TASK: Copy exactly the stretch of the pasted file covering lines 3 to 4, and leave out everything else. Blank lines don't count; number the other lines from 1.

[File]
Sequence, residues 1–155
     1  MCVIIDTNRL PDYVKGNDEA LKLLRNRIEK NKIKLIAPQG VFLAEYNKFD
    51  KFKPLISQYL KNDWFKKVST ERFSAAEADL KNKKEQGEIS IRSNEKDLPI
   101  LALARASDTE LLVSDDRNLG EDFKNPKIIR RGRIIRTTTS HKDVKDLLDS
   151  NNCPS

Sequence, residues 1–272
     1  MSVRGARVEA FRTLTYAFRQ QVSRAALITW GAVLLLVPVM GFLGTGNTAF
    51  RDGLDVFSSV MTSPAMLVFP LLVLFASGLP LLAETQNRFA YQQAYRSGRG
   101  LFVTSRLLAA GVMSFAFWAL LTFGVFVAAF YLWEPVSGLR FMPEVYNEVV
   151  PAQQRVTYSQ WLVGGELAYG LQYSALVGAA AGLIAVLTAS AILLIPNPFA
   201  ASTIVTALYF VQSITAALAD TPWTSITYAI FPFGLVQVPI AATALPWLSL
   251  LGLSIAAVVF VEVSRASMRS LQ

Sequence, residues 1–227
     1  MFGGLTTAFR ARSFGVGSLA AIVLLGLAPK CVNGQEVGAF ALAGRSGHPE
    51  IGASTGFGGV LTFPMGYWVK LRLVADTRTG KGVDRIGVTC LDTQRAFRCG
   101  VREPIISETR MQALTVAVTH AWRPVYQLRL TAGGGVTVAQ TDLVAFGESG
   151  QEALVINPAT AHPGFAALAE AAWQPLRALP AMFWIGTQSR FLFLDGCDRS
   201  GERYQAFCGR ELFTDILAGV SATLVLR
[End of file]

    51  KFKPLISQYL KNDWFKKVST ERFSAAEADL KNKKEQGEIS IRSNEKDLPI
   101  LALARASDTE LLVSDDRNLG EDFKNPKIIR RGRIIRTTTS HKDVKDLLDS